Tracy Record is almost half an hour late to our meeting, but I was expecting that. She apologizes and explains that three stories were all happening at the same time, and that time just slipped away. With her schedule, I’m happy she found time to meet with me at all. Tracy is a busy lady, covering every local event, meeting, accident and yard sale for her own West Seattle Blog, a hyperlocal news outlet that’s taken Seattle by storm.
West Seattle Blog (WSB) is not your average weblog. In 2009 it ranked number 5 on Google’s list of hottest search terms in the Seattle area, beating all the major networks and traditional media outlets. But Tracy Record is no stranger to success. She has a distinguished career behind her in television, newspapers and radio and three Emmy Awards to prove it. Still, Tracy threw all that away for a blog about the goings on of just a single neighborhood.
Today, WSB has a small staff of contributing freelancers, but Tracy and her businesspartner/husband – Patrick Sand – remain in full control over what can only be described as a driving community force. Did I mention that they were awarded a Citizen Appreciation Award by the Seattle Police Department in 2008?
AP: What is it about hyperlocal news that makes it worth dedicating your time to?
TR: I have spent two-thirds of my life delivering information to people, in a variety of ways. This is the most meaningful way yet. To be able to directly report on, answer questions for, share information about/from my community, and make a living doing it, is a joy. So much different from all my years in citywide/regional news, when we managers/producers would sit in a room and often wind up having to send someone off to whatever the most shocking crime du jour in the region happened to be, parachute in, parachute out, on to the next Big Story.
We cover crime, of course, but from the standpoint of sharing information that helps people protect themselves and figure out how to fight back, particularly against property crime like burglaries, auto thefts and vandalism. Yet though “hard news” is a huge area of coverage for us, I also adore being able to publish orca sightings, pretty sunsets, parade previews, Christmas Ship video!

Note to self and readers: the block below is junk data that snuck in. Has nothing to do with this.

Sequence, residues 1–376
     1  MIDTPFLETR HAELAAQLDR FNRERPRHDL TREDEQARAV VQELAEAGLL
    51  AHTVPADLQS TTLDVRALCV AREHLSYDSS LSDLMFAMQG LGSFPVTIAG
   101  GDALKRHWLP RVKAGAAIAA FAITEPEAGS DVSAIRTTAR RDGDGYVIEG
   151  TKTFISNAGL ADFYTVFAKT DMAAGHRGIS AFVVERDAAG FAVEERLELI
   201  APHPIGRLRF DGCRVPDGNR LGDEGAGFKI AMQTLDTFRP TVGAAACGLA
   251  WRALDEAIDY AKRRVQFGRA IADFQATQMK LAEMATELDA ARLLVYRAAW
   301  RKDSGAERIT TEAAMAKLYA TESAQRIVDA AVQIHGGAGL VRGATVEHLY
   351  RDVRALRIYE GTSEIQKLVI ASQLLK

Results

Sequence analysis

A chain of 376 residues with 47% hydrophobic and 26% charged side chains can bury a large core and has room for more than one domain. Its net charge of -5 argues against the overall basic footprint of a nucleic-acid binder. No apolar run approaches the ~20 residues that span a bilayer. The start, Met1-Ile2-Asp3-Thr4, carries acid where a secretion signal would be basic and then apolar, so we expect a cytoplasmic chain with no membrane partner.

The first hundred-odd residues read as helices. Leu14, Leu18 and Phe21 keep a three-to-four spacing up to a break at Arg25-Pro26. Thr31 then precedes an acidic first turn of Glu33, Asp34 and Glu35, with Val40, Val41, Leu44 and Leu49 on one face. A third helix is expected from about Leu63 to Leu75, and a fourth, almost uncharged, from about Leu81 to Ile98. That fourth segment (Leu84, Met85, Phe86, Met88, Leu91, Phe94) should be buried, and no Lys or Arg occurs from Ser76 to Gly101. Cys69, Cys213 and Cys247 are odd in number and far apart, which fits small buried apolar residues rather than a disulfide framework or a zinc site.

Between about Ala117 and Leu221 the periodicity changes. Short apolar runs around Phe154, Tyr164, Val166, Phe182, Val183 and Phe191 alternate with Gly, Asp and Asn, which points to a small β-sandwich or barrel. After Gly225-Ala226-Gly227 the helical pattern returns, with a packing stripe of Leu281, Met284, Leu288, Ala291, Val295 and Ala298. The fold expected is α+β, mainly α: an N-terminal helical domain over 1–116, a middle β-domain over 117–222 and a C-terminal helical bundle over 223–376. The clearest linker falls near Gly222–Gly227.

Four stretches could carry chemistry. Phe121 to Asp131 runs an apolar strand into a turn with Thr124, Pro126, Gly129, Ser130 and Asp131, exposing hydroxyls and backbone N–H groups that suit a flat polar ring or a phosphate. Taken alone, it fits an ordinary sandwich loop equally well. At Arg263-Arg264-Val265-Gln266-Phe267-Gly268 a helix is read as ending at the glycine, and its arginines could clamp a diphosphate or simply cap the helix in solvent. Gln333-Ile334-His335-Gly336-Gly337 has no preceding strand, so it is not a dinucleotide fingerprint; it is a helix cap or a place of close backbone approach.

AP: What were your considerations before taking the jump from mainstream media to starting on your own?
TR: It was clear by the time we got to fall 2007 that there was a huge need in the community for real-time information and neighborhood-issue coverage, and we had found ourselves trying to help fill it, since the December 2006 windstorm/power outages, when we started getting e-mail from people saying “we can’t find out ANYTHING about when the power’s going to be back, can you guys find something out?”.
The only real consideration was whether we could support ourselves doing this – would enough local businesses and organizations choose to sponsor WSB to add up to what we needed for business expenses and a modest lifestyle. I had absolutely no concern otherwise about leaving my longtime corporate-news-media career – the TV business didn’t interest me much any more for a variety of reasons, and it felt wrong to collect a paycheck for something I didn’t feel passionate about.
AP: In 2007, WSB held a pledge to get a feel for the level of support amongst your readers. That went so well, you turned it into an actual business. Could you share a little about that transition, the plans and concerns you had, compared to how it actually went?
TR: The “pledge day” wasn’t actually a barometer of support for whether we could make a go of it as a business. We already knew from the readership, through site stats and through e-mail and other feedback/communication, that there were enough people finding value in being part of WSB every day. In fact, the percentage of people who chose to donate was relatively low, maybe 3%, and that is one of the reasons I don’t believe an operation like ours could operate on a subscription-only basis, which some have suggested we try.